When on US-221 in Linville, turn onto NC-183. One mile down that road, you’ll see a Linville Gorge sign on right. That will take you onto Kistler Memorial Highway (also known as 1238 and old NC 105). This is part of the Pisgah Loop and where the fun begins.

For the next four miles, you’ll rethink your decision to come to this place. The road is a mix of dirt and gravel, with plenty of potholes and ruts. It’s like this because extensive road work might disrupt the pristine nature of Linville Gorge, so don’t be too bitter about it.

Just exercise caution and don’t be afraid to drive slow. SUVs, trucks, and other higher clearance cars are best for this drive, though I’ve done it twice with Toyota sedans.

Note: If there’s bad weather and you have a low-riding car, it might be best to not attempt the drive.

Regardless of all these warnings, the fact that Wiseman’s View is at the end makes the journey absolutely worth the trouble. During the drive, you’ll immediately see the Linville Falls parking area and a variety of camping spots.

You’ll eventually see the parking lot, which is small but hasn’t been full any of the times we’ve gone up.

The Short Walk to Awesome Views

Wisemans View NC Beginning of Trail Image
There are plenty of benches and warning signs along the short walk.

Once you’ve arrived at the gravelly parking lot, it’s pretty much easy peasy.

From the parking lot, you have a very short 2/10 of a mile walk to the platform. Even though the ride up to the parking lot is very rough, there’s an accessible path option and one with steps.

Note: There’s a single-person bathroom at the parking lot but no water available.

The Epic Wiseman’s View

Wisemans View NC Image

And just like that, you’ll arrive at the upper viewing area, which is wheelchair-accessible. There are more platforms that require steps, but either way, this is a view worth driving for.

From the east-facing platform, you’ll get the best view of Hawksbill Mountain and Table Rock Mountain. Of course, you’ll also see Linville River below. There’s a south-facing platform, too, which offers gorgeous views of the Gorge and mountains in the distance.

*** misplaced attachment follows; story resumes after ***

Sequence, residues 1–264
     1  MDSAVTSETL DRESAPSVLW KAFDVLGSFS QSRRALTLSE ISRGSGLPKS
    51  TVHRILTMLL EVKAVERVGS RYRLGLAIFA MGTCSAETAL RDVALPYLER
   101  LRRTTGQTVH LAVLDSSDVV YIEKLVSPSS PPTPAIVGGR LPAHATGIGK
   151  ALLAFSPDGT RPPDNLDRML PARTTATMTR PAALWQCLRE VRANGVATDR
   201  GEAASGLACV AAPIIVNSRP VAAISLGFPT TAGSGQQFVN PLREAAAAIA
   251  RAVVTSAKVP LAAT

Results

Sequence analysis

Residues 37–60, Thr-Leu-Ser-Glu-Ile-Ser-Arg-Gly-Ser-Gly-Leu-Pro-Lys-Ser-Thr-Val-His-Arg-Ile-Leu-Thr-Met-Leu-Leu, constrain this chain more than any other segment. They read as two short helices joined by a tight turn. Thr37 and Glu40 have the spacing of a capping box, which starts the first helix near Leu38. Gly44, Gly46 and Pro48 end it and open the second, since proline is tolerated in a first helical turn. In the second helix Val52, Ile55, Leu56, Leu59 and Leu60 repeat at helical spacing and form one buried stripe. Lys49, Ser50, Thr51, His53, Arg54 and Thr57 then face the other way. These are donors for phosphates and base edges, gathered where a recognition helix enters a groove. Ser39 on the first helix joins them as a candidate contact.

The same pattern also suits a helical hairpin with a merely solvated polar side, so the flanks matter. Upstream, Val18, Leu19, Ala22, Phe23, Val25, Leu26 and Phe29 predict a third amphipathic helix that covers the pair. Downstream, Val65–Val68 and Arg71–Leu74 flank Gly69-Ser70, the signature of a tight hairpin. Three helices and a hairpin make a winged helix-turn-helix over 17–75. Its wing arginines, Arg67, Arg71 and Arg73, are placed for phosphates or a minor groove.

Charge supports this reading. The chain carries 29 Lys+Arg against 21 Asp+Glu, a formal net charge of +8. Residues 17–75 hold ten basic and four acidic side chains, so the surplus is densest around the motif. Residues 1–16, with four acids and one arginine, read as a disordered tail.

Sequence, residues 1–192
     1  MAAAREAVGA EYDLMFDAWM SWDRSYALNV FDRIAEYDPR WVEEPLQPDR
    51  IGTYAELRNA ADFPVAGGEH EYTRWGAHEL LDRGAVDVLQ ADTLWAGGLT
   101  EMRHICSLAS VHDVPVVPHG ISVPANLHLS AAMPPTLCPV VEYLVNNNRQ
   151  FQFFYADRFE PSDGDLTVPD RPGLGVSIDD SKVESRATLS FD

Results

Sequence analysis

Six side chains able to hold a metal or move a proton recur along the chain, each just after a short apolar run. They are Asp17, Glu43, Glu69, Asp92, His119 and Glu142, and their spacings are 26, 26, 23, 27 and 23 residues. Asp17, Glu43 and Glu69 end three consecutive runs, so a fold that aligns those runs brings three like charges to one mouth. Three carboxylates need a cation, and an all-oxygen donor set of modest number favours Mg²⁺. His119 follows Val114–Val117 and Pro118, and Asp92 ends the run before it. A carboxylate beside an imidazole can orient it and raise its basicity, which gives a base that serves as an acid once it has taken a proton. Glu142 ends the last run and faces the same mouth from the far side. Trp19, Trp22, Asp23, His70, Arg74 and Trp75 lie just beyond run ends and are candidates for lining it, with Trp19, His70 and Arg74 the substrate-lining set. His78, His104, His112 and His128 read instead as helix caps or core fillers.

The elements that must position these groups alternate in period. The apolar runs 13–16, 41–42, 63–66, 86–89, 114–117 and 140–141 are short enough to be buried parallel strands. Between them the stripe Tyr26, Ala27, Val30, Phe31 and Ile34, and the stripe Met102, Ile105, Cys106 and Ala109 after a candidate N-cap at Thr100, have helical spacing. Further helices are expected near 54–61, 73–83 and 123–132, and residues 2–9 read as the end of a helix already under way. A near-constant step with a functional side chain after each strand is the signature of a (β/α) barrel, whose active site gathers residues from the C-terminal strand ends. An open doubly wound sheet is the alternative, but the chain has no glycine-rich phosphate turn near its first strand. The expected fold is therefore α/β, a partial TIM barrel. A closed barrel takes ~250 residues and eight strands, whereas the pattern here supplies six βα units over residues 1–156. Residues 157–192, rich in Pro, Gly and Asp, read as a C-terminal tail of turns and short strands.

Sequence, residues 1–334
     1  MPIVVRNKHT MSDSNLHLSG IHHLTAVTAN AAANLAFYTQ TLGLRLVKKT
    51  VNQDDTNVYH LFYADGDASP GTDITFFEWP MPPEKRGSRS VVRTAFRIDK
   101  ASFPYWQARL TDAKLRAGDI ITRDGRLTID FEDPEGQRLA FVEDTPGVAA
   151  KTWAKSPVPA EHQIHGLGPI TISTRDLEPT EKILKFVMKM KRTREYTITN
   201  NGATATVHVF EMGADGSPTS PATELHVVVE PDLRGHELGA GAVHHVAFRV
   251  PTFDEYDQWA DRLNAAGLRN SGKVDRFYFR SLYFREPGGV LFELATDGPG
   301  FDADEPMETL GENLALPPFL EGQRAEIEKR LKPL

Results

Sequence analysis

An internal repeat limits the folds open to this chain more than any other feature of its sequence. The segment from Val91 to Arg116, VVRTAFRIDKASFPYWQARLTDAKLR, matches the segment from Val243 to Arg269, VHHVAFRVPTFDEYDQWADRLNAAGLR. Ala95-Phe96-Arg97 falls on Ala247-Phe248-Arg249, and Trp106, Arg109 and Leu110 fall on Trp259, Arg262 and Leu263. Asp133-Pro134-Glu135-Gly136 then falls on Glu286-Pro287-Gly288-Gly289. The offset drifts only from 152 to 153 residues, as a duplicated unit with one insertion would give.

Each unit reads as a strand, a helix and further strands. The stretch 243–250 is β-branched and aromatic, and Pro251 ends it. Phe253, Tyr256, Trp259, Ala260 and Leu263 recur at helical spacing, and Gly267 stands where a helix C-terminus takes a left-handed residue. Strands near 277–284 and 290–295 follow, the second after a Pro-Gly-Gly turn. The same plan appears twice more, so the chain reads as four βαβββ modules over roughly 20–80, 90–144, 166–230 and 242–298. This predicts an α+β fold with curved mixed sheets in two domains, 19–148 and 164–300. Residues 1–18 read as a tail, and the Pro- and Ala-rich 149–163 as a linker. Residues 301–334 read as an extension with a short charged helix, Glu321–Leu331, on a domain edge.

Nighttime Views: Brown Mountain Lights

We’ve not done this yet but one popular thing to come and see is the Brown Mountain Lights. This interesting phenomenon is a long-known series of “ghost lights” that appear near Brown Mountain.

Wiseman’s View is one of a few places that are good for seeing them. If you’ve ever been lucky enough to spot them, we’d love to know about it!

Things to Do Near Wiseman’s View

If you zoom out on a map before heading out this way, you’ll see that Wiseman’s View is surrounded by more than a few fun places.

Linville Falls

Linville Falls NC Image

We’ve already mentioned a couple of mountains, but could never leave out the amazing Linville Falls. It’s one of our favorite waterfalls to enjoy near Boone, Blowing Rock, and Banner Elk.

You’ll pass one of its entrances on the way up. Another way to access its main Visitors Center is right off the Blue Ridge Parkway (MM 316).

Our guide shares more about hikes and the beautiful views you’ll find at this very popular set of waterfalls.

Famous Louise’s

The Linville Falls community also includes a great general store and Famous Louise’s Rockhouse. The latter is situated on three county lines. But don’t worry, the food is still delicious, whether you want to sit in Avery, Burke, or McDowell.

Linville Falls Winery

Linville Falls Winery Newland NC Image

And just up 221 is Linville Falls Winery. It’s in a lovely spot, family-owned, and where you’ll find delicious High Country wine. Stop by for a tasting and take home at least a bottle (Elevation is our favorite). We’re always looking forward to our next visit!

Linville Caverns